The current state of computing and devices still forces us to choose between security and convenience, but apps like 1Password and MacID, and technologies like TouchID are at least getting us part of the way towards the convergence of those two ideals.

Year in Review by Simon Abrams

I decided to do my own Year in Review - one that I think is a little more personal than the one that the Facebook algorithm generated for me - by selecting 24 images (two for each month) that represent my 2014.

I started off the year with a teaching gig at Miami Ad School's Brooklyn outpost, which gave me a good excuse to roam around DUMBO with my then-new Fuji X100S. In February, I went on an absolutely fantastic trip to Morocco with my wife. This trip was one of the highlights of the year for me (another great opportunity to road-test my new camera), and I can't believe it's already been almost a year.

I spent Memorial Day with my family at my sister's place in Virgina. It was right around that time that I noticed a funny, squishy bump on my elbow that turned out to be bursitis. It eventually led to me needing surgery, and being stuck in a pretty gnarly brace for a total of five weeks this summer.

I made my annual pilgrimage to the Brooklyn Hip Hop Festival, which, to my chagrin, moved to Williamsburg this year. It was co-headlined by Jay Electronica and Raekwon, and featured a very special guest named Jay-Z.

In the fall, a group of us rented a place upstate via Airbnb, and went ziplining at Hunter Mountain to celebrate my good friend's 40th birthday. I was also lucky enough to take not one, but two trips to California -- one for the ADCOLOR conference, and one to reunite with my two closest friends from high school.

Overall it's been a good year, and it has ended with some promising developments (more on those later) which should start 2015 off on a strong note.

With that said, here are 24 images that recap my 2014.

Photo Notes: Wiz Khalifa and Nitti Scott at Webster Hall by Simon Abrams

Wiz Khalifa performs at New York City's Webster Hall - October, 2014

Wiz Khalifa performs at New York City's Webster Hall - October, 2014

I've always loved shooting concerts. It's really satisfying capturing the energy of the crowd and the showmanship and stage presence of great performers. One of these days, I'm going to make good on one of my long-time goals, and get press credentials, or find a way to shoot a concert in an official capacity.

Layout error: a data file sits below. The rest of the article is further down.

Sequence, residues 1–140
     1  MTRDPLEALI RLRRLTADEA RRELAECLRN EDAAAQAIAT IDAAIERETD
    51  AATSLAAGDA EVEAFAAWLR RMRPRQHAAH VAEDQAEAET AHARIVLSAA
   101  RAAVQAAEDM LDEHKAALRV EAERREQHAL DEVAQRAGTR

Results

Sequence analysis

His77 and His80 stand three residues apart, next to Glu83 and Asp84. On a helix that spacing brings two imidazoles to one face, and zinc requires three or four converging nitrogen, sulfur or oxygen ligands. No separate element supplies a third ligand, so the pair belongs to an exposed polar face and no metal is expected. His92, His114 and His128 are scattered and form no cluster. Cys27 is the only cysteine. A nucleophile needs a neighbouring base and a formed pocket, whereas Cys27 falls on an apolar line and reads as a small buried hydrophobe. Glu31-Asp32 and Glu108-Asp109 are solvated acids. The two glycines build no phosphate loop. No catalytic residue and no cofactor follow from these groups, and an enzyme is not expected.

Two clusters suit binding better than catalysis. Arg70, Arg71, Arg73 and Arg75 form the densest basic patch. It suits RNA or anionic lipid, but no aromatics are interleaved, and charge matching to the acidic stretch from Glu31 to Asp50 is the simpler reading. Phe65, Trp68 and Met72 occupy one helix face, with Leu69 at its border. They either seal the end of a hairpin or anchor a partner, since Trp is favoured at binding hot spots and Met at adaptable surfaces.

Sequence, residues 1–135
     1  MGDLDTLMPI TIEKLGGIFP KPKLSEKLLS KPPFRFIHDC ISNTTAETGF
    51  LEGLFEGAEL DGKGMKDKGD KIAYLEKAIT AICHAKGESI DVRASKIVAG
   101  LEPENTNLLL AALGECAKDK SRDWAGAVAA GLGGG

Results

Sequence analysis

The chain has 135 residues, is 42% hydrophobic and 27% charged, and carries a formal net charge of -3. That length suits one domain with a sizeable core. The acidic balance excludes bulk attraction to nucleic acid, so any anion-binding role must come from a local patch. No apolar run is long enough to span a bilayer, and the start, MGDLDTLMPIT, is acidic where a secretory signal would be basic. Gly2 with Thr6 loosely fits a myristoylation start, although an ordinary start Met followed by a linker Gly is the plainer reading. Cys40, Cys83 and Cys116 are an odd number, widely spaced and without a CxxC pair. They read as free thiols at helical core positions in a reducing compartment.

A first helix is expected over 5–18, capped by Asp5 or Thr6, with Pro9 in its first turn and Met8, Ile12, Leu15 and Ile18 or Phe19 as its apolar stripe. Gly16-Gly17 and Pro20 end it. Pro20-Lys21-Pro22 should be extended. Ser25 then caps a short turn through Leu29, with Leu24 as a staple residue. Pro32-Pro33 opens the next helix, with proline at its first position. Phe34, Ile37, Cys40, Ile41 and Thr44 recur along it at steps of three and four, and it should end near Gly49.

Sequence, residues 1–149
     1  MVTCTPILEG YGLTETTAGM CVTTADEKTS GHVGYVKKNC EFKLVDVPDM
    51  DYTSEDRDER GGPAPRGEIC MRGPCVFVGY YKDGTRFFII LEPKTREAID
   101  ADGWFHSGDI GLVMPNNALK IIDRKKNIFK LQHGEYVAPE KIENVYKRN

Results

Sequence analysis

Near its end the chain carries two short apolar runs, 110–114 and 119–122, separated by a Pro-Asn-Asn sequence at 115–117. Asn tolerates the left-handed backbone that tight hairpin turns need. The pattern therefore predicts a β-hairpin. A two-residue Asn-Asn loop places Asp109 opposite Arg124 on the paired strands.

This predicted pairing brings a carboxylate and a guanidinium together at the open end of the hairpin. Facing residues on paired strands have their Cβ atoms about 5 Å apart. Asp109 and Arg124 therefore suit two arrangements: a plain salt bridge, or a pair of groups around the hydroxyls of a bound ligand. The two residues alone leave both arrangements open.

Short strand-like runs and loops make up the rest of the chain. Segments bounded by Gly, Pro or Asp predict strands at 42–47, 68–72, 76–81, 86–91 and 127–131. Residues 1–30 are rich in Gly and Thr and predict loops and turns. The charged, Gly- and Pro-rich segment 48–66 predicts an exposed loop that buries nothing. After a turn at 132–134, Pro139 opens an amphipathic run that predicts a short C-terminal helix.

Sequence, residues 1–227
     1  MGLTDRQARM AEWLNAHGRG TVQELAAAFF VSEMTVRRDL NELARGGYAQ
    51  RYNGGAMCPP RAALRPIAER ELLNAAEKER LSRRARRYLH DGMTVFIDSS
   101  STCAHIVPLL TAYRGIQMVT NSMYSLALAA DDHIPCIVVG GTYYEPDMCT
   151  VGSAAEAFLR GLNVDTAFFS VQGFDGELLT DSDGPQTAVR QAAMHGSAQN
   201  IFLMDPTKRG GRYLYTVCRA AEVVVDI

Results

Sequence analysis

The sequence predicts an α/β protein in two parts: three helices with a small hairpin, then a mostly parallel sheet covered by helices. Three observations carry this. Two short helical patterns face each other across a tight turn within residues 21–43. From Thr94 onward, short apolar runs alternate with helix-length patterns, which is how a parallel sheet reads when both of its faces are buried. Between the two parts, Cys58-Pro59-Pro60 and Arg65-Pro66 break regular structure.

Wiz Khalifa

Wiz Khalifa

Opening act Nitti Scott performs at Webster Hall

Opening act Nitti Scott performs at Webster Hall

These were shot at this year's Advertising Week Wrap-up party at Webster Hall. I love the Advertising Week shows, because it's always a great opportunity to get access to incredible performances by some top-notch acts, including N.E.R.D, John Legend and The Roots, Big Boi, Wyclef Jean, and B.o.B. The performances are usually held in a relatively intimate setting, and it doesn't hurt that it's free for us industry types. I've made some of my favorite photographs at these events over the years.

Incidentally, for you photo nerds that like to pixel-peep, here's a 100% crop of one of the above images from the show, which are almost straight-out-of-camera (I think I tweaked the brightness/contrast ever so slightly in the Photos app on my iPhone). If you must nit-pick, yes, you can see a little softness, and yes, the pixels are a slightly chunky, but damn - I was standing at least 40-50 feet away from the stage!

 1/200s, f2.8, ISO6400.

 1/200s, f2.8, ISO6400.

I still can't get over the incredible low-light performance of the Fuji X100S, especially as it doesn't seem that long ago that I was still shooting with my Canon Rebel XT, and never dared go above ISO 800. That's a difference of four full stops of light, which means I would never have been able to make this image on that camera without using a flash or some additional light source.

One other note: in previous years, I would have been fully locked and loaded with my Canon 7D and L-series 70-200mm f/4 lens at these Advertising Week concerts, and as I said, I've made some images that really made me happy as a result of using that setup. Lately, though, I've been scaling back and am happy to take a more minimal approach to shooting - particularly when I'm on vacation, or shooting for myself and not for a paid gig. Not that I wouldn't shoot paid work with the Fuji; it's just that if I'm not being paid, I'm realizing that there's really no good reason to put in the extra effort of carrying all that extra gear. Simpler, most of the time, is better.